Essential cyber security insights for small businesses

Cyber security risks affect every employee in an organisation. As a business owner, you can effect comprehensive cyber security policies to safeguard sensitive and proprietary data while minimising business interruption.

In order to do so you need to learn about the latest trends in cyber security, key vulnerabilities, and what you can do to address them.

The current state of cyber security 

A quick review of recent ransomware virus attacks, as well as potential threats relating to cloud and Internet of Things (IoT) indicates cyber security can be a costly issue for businesses if not properly addressed.

Ransomware attacks

Recent global ransomware attacks throughout mid-2017 – the biggest outbreak in history – demonstrated how vulnerable businesses can be. Nearly 100 countries were affected by the ransomware, which started in Russia and the Ukraine before spreading to Europe and the rest of the world.

Spread by Word or PDF documents, the ransomware worked by freezing individual computers until ransoms of hundreds of dollars were paid (in Bitcoin). The attack followed the WannaCry attacks in May 2017.

Cloud and IoT vulnerabilities

Research suggests businesses have “complex and chaotic” security provisions when it comes to the two major emerging IT trends of cloud and IoT. The majority of businesses (62% in fact) are worried about IoT security though they’re convinced by the benefits of cloud and IoT tools. The survey suggests threat detection, incident response, and simple, unified solutions can help project managers better guard against potential threats. 

Cyber security 101 for small business owners 

While choosing reliable software vendors is a crucial part of cyber security management, leaders in an organisation also have a key role to play in preventing security breaches.

If you’re not sure where you stand, you can always test your knowledge with a cyber security quiz. It’s essential to know where the gaps in your knowledge are to ensure you have a sound foundation for implementing a strong cyber security policy.

There are five cyber security basics every leader needs under their belt.

1. Data protection 

Proactively seek out tools and processes to enhance data protection, especially when it comes to sensitive data like customer information and employee contracts. Use encryption across devices and networks.

2. The cloud 

Understand the risks associated with the cloud, and choose your third-party cloud-service providers carefully. Work with your IT consultants to find ways to reduce the risks associated with using cloud services.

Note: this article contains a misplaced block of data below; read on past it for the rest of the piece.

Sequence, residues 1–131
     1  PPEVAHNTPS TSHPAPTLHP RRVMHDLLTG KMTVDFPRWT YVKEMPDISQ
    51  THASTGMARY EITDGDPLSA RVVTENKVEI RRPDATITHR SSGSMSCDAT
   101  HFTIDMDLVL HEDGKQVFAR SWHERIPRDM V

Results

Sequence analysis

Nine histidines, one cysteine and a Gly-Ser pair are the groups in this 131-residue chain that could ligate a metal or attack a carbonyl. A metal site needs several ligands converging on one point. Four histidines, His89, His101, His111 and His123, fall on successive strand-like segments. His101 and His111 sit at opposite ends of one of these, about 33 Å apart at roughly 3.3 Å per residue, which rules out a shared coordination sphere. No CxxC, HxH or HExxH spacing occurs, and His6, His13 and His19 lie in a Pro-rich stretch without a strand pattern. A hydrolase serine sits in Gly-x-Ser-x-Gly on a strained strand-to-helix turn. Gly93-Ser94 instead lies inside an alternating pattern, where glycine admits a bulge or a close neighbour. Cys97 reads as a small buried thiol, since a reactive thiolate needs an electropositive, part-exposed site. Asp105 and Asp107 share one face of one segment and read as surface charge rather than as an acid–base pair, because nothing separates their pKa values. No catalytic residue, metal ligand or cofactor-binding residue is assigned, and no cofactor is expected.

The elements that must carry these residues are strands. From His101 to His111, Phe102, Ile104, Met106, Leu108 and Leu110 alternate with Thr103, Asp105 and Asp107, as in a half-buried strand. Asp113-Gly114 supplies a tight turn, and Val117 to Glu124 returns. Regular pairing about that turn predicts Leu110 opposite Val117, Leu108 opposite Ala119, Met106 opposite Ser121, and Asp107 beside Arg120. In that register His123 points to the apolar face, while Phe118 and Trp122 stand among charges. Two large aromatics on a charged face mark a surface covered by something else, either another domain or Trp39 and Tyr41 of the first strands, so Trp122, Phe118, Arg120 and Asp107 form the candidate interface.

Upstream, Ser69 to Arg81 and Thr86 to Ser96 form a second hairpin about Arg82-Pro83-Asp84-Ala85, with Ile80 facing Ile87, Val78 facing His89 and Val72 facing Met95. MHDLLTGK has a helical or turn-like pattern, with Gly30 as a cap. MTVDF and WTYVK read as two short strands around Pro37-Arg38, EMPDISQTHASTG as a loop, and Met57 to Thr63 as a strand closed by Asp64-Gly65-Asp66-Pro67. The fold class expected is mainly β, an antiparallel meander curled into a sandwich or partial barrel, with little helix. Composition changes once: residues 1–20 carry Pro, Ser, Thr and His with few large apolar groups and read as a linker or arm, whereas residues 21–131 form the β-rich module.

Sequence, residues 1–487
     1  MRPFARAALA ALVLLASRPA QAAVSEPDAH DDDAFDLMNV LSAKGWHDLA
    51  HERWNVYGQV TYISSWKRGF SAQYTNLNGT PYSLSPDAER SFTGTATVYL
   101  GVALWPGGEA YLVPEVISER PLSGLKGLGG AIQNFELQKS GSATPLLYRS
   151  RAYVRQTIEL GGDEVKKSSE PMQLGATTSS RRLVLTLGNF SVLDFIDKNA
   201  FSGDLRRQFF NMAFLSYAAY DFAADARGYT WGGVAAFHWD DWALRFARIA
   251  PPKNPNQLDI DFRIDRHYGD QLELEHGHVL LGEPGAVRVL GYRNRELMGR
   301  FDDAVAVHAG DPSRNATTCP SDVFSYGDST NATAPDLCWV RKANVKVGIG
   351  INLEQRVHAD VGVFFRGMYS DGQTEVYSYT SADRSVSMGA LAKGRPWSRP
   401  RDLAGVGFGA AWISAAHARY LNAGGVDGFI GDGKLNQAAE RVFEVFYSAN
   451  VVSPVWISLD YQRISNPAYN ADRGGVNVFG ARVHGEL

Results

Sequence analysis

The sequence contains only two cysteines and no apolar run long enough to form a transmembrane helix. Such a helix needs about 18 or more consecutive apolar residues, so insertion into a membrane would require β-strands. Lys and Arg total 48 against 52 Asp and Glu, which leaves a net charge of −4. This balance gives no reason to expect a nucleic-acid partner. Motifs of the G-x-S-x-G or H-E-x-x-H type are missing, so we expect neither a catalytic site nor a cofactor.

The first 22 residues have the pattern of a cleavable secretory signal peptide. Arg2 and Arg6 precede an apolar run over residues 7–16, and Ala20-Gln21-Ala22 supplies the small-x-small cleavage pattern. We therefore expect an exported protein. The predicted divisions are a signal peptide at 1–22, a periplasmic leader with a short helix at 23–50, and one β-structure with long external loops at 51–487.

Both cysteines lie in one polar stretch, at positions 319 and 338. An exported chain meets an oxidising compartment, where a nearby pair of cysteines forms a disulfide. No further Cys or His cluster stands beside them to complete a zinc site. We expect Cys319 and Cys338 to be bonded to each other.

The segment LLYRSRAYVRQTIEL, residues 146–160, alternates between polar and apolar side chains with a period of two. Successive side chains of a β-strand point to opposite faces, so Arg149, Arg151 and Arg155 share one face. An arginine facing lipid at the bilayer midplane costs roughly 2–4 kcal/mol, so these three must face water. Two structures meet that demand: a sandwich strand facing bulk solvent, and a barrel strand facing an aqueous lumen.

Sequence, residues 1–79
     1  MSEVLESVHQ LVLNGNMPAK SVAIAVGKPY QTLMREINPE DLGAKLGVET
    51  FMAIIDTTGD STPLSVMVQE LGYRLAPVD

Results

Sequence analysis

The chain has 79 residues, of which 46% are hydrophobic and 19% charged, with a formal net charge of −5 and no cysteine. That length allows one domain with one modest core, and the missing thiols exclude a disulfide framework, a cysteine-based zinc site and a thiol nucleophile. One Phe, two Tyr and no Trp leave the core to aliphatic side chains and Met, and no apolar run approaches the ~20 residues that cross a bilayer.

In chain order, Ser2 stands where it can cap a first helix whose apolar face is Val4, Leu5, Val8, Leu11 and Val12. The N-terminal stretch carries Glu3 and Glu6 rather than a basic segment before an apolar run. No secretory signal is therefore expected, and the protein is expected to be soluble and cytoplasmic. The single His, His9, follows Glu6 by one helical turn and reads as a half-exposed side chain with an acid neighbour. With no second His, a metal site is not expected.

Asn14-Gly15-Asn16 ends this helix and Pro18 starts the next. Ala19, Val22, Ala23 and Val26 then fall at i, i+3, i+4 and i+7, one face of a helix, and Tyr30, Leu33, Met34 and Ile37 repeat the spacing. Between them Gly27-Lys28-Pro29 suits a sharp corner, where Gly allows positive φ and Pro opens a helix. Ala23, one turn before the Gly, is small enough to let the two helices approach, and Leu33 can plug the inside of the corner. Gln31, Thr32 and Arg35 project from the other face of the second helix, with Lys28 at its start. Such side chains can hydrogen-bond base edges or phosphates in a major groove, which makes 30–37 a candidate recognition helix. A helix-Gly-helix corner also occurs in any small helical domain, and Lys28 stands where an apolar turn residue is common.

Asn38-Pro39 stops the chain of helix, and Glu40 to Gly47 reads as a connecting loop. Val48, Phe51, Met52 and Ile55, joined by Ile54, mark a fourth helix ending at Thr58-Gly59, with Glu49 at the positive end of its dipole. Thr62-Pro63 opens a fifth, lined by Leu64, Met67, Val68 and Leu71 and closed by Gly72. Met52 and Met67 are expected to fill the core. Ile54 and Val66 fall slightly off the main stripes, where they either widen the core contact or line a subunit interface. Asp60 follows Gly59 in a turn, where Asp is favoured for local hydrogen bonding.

3. Passwords and two-step verification

Make strong passwords and two-step verification standard in all your projects. Using a generic password like your dog’s name or your favourite song for all of your accounts is a huge liability. Password software can generate strong passwords that will nullify the risk. Remember to change your passwords regularly to maintain airtight security. Likewise, two-step verification bolsters cybers ecurity by adding an extra layer of protection to your account.

4. BYO devices

If your team members use BYO devices, develop a policy to guard against malware infection risks. Ensure that they adhere to cybersecurity best practices such as strong passwords, two-step verification and comprehensive understanding of how to handle data on their personal devices.

5. Remote work

If any team members work at home or remotely, make sure they use a virtual private network to keep private data secure as it’s transferred across external networks.

How can ethical hacking help cyber security?

Ethical hacking – also known as penetration testing – is another way to keep your projects and data secure. Ethical hacking involves having a professional hacker test your network for vulnerabilities. It can make your emails, databases, VoIP, and other IT elements more secure. The movement towards the cloud along with increasing adoption of IoT are strong reasons for using ethical hacking to discover vulnerabilities.

Cyber security and social media

Social media is another point of entry for cybersecurity threats. An employee’s tweet about an upcoming conference for the team can be turned into a phishing attack through email. LinkedIn can also be mined by hackers for email addresses for phishing attacks.

Develop a detailed social media policy to guide team members. Provide guidance on how and why sharing too much work-related information can impact the organisation, and update the policy as social-media-related cyber security trends change. 

Author Bio:

Peter Nikiter is Director, Cyber Security Services at ALC Group where he is responsible for the development and implementation of ALC Group’s information security training program throughout the Asia-Pacific region and for managing ALC’s broader range of cyber security services. Peter is exceptionally well qualified for this role and brings to bear a career spanning 30 years in IT with the last 15 years focusing on information security.



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